Thursday, March 21, 2013

Pictures from My Country: Yemen's Currency

During my last trip to Yemen in August 2012, I went with my cousin to a restaurant. I bought juice and told her that it's my treat. I opened my wallet and I took out two 200 Yemeni Rials (currency code YER) to pay. To my surprise my cousin bursted out laughing telling me that I may be the only person in Sana'a who still carries that currency. She may be right. I held on to my money since the last time I was in Yemen in 2009 and things have changed.

In this blog post, I go over the history of Yemen's currency since 1990. 

Prior to 1990, the People's Democratic Republic of Yemen (South of Yemen) used the Dinar instead of the Rial. A single Dinar was the equivalent of one British pound which was made up of 20 Shillings. Below is the currency that the South used including an image of the 50 fils coin.


Image via ATSnotes.com


Coin from Wikimedia.org


Adeni Dinar (wikimedia.org)

Once unification occurred, one Dinar corresponded to 25 Rials. Even after unity, it was possible to see Dinars floating around in Yemen; however, they were officially terminated in June of 1996. Overall, a unified Yemen used the Rial (which is made up of 100 fils). 

In the North of Yemen, around 1970, the government issued coins for 1, 5, 10, 25 & 50 fils. These coins were terminated by 1990 (especially since their value weakened). 

Terminations continued well after unity. In 1993, the 1 and 5 rials coins were sacrificed even though they existed in paper form as well. 
Image from CoinGallery.com
                             

1 and 5 rials notes from here
Other monetary units existed in both, coins and paper form. For example 10 Rials used to be a coin, however by 1995, the Central Bank decided to produce it as a bill. The 20 Rials suffered the opposite fate, it was typically in paper form till 2004 when it became a coin.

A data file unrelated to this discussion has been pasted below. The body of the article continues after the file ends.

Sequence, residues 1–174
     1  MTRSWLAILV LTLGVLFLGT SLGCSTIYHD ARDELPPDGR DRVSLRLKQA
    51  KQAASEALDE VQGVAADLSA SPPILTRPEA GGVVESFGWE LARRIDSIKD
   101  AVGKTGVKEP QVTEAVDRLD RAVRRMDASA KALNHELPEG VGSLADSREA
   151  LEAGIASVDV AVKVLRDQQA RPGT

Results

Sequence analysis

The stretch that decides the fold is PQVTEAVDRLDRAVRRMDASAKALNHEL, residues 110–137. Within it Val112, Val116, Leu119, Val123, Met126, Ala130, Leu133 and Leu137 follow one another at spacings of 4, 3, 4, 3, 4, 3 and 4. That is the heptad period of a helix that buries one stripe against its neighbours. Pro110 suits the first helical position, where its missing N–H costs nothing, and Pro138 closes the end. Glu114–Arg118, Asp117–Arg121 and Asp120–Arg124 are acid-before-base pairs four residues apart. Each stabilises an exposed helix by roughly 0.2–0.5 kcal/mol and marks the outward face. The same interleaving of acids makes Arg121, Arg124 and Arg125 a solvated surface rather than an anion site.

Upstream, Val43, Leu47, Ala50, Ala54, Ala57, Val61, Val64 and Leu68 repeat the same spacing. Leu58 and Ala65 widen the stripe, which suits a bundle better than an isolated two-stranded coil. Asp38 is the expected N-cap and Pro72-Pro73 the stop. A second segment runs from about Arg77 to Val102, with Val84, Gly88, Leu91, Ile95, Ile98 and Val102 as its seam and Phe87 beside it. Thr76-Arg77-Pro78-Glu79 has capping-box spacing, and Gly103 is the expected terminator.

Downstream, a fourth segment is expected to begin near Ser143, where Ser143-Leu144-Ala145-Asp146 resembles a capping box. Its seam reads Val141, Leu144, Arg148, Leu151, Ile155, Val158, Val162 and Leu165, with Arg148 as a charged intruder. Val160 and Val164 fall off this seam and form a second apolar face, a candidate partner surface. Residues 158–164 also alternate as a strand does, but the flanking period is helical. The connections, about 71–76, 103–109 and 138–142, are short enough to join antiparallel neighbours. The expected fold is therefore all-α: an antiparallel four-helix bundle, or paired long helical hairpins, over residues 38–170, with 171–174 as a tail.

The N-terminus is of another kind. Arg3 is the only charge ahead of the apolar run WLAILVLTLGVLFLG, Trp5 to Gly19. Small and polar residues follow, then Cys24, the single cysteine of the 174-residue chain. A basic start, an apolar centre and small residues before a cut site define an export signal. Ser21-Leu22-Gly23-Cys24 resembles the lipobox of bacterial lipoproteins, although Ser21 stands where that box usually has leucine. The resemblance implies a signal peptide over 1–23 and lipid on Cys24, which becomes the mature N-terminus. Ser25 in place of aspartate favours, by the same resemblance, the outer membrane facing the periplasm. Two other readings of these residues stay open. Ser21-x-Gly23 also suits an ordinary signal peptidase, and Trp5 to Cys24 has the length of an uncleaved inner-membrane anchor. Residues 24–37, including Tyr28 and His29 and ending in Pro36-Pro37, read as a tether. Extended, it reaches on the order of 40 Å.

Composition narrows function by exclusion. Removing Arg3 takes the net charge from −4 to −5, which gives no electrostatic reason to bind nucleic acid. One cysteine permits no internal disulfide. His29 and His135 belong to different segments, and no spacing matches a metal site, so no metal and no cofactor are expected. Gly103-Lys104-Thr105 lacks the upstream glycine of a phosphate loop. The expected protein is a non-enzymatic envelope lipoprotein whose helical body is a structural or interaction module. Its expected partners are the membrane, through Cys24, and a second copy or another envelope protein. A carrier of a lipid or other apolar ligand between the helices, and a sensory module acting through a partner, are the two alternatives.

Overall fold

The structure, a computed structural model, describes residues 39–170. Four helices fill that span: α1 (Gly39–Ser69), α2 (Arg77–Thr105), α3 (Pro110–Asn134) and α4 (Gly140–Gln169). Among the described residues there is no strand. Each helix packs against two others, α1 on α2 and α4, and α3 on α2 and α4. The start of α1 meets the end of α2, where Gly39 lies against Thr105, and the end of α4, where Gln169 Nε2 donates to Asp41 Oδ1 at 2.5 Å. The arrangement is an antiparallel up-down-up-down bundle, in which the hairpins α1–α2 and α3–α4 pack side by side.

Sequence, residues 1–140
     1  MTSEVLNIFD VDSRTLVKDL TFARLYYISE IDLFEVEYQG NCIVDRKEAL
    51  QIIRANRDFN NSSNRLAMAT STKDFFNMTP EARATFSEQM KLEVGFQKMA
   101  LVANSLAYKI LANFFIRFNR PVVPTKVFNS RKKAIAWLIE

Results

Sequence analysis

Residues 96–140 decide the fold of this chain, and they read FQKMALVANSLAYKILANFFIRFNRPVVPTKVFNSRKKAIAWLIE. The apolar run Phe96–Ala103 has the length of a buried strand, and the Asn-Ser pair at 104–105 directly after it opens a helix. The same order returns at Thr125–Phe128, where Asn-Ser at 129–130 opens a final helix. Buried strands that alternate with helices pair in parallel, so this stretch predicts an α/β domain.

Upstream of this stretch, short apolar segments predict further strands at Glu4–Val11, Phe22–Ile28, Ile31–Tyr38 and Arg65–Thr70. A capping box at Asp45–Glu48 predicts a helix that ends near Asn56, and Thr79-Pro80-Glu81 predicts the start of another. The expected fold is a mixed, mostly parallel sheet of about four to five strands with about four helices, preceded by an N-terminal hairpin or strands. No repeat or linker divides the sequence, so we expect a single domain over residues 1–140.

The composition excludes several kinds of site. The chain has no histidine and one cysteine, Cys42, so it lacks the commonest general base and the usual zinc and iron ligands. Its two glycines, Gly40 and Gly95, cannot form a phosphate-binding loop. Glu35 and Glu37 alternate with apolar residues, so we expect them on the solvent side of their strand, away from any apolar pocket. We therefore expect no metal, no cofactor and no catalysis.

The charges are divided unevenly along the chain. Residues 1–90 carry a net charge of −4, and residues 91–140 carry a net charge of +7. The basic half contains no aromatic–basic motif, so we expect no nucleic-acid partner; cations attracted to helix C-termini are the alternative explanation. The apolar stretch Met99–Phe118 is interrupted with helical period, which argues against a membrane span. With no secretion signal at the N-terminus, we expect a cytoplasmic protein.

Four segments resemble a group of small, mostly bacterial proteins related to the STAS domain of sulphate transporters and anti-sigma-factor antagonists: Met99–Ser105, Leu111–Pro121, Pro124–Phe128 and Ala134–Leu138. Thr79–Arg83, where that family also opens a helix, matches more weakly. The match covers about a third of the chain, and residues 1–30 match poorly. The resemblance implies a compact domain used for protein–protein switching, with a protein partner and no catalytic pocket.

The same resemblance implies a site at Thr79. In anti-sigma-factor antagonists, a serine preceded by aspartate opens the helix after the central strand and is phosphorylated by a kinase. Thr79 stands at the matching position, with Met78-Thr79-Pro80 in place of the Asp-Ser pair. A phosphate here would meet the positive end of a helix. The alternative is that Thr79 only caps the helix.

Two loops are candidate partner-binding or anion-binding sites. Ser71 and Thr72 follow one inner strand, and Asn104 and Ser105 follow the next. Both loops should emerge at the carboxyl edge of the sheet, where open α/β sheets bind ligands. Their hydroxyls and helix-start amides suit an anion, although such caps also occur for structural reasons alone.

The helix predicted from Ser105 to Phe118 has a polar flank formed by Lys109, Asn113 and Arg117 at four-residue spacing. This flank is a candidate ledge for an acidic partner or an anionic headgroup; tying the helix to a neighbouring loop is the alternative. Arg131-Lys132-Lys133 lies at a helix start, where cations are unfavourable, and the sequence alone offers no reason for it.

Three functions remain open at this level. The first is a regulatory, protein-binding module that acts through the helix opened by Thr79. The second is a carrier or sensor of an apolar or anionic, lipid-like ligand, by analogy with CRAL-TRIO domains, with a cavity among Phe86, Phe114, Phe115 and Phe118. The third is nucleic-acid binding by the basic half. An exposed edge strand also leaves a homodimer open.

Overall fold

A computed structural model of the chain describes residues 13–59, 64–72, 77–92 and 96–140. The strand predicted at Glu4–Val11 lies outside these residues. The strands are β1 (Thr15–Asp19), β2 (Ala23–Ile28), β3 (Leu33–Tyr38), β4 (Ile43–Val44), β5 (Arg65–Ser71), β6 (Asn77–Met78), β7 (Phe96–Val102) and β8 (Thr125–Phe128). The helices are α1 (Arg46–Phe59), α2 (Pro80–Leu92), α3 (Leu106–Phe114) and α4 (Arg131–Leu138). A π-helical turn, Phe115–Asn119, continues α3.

10 Rial Coin from CoinGallery.com
10 Rial from Bank Notes
20 Rial from Coingallery.com
20 rials from Here
Besides coins, there are different bills for the 50 and 100 Rials ever since inauguration of Yemen's unity. In 1996, the Central bank released the 200 YER bill, then in 1997 the 500 YER bill. Following that, in 1998, the 1000 YER bill made its debut. Finally, in 2009, a 250 YER bill came out which made the 200 YER bill impossible to find. Since I wasn't living in Yemen, it was easy to spot me as a visitor since I was using the 200 YER bill instead of the 250. 







Well, there goes the 101 on Yemeni Currency. If you like this topic there is a book called "Currency of Yemen through the Ages: 2008 A.D - 1424 A.H" produced by Yemen's Central Bank. It has the biggest collections of Yemen's currency and represents the first effort by Yemen's government of sorting and cataloging its currency. Every once in a while, it is available on Amazon. 
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